Fortepan: versek by Zsuzsa Rakovszky

Author:  Zsuzsa Rakovszky

The cover to Fortepan: versek by Zsuzsa RakovszkyBudapest. Magvető. 2015. 64 pages.

It was nine years ago that Zsuzsa Rakovszky published her last book of poetry, Visszaút az időben (Going back in time). Since then, proving her prowess as a writer of fiction, she brought out a collection of short stories and two novels. The present collection of poems seems to be a continuation of Visszaút az időben in the sense that much of her verse is informed by the past, by her experiences of childhood and early youth.

Fortepan—the strange title denotes a collection of photograph—is divided into two parts: the cycle “Napéjegyenlőség” (Equinox) contains a string of poems, some lyrical, others veering toward the epic. While “Dal” (Song) is an evergreen meditation on the problem of transience, the cycle also comprises two stories—the first one, “Novella,” relating the exitus of an elderly person seen from the point of view of the (probably much-younger) narrator, while “Ballad” is a contemporary thriller told in jaunty iambic quatrains.

After this, it is no surprise that the cycle “Fortepan” mixes lyrical introspection with epic descriptiveness. At the same time, Rakovszky’s new poems are tinged with a kind of surrealism; even in a poem entitled “Objects,” the very existence or reality of objects is questioned: “the thought tempts me that / these mirrors, lamps and inkpots / don’t exist / their existence is sheer delusion,” concluding that, viewed through the camera of memory, the same objects are glorified and it is the “now” that appears “ghostly” and “unreal.”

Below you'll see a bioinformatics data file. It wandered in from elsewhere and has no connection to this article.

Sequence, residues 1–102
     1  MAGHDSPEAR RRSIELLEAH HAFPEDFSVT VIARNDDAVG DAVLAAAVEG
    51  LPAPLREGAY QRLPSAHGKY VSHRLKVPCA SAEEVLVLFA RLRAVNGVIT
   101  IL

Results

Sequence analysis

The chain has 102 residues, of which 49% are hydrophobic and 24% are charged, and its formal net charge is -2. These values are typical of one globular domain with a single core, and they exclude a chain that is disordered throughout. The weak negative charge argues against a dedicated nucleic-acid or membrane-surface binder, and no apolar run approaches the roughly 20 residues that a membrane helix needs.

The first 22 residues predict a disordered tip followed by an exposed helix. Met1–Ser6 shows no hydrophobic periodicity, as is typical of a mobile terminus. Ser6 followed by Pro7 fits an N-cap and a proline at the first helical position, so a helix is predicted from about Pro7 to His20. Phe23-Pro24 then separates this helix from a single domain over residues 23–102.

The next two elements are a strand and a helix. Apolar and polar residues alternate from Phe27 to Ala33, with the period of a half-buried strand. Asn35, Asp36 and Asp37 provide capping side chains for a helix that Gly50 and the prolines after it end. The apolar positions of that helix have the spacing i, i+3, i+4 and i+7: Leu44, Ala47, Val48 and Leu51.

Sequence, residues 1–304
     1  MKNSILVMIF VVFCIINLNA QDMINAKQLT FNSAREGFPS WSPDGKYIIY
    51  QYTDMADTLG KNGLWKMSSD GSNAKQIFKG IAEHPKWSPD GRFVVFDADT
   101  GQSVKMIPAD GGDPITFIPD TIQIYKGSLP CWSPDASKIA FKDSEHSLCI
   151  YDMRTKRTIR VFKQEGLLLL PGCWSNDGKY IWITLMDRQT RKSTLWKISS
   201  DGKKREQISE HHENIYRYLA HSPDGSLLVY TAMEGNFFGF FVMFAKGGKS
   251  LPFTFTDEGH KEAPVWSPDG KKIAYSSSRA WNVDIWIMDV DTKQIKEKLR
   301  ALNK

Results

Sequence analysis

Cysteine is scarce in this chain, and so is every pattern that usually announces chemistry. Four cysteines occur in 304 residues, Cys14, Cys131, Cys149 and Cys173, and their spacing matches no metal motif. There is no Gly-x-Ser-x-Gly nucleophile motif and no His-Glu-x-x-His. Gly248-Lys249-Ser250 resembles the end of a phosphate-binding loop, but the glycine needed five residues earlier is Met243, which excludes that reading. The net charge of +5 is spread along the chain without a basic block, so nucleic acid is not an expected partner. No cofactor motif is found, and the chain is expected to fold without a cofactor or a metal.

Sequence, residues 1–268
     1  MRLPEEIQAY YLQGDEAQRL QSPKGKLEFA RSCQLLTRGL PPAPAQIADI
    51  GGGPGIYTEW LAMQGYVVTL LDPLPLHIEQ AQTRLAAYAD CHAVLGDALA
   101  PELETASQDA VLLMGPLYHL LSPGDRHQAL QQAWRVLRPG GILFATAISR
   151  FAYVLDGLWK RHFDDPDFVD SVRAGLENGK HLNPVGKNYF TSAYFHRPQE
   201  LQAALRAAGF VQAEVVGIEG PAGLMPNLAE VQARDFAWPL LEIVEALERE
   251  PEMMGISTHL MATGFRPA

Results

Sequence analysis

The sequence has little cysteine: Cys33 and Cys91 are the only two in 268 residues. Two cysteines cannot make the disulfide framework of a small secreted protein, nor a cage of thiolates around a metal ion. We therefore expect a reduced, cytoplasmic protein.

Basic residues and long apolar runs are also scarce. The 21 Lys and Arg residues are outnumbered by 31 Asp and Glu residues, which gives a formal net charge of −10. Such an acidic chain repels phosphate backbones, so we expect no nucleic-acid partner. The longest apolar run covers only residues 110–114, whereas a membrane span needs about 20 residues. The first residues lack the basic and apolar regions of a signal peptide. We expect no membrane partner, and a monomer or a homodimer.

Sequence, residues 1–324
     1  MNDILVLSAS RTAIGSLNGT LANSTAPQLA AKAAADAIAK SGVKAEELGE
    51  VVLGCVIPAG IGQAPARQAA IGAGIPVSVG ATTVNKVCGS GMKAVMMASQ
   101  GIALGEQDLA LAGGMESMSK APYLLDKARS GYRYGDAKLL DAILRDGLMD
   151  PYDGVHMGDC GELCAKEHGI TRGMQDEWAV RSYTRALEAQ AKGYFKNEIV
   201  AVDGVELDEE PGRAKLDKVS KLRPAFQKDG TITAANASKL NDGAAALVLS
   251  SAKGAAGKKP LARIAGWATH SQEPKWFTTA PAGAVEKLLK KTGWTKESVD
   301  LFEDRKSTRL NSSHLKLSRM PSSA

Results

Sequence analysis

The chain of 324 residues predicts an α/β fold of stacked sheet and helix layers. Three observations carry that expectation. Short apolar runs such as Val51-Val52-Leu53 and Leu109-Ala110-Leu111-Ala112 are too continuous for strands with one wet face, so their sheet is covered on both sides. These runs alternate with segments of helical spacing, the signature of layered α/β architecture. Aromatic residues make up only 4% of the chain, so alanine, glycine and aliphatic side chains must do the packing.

The last eight “snapshots” in Fortepan are arranged in a sequence following the lifetime of the poet/narrator; they embrace forty years of Hungarian history, spinning the story through different decades and locations. Rakovszky’s chosen verse form here is the octave, a conservative meter, which she handles with impressive ease and sophistication. Some of her axiomatic summaries of a particular year or period stick in the mind: 1956 is described as “mikor a szörnyű rend ólomfalát / az álmok árvize harsogva törte át” (when the leaden wall of a terrible order / was roaringly broken by the flood of dreams), and the 1970s are described as the “decade of comfortable despair / and flavourless joy.” Rakovszky also manages to catch the mood dominating the collective psyche after the change of regime of 1990 as the nation is tossed between hope and fear, feeling shipwrecked.

Fortepan is a thin book of verse but a rich one that ought to be read more than once.

George Gömöri
London, United Kingdom

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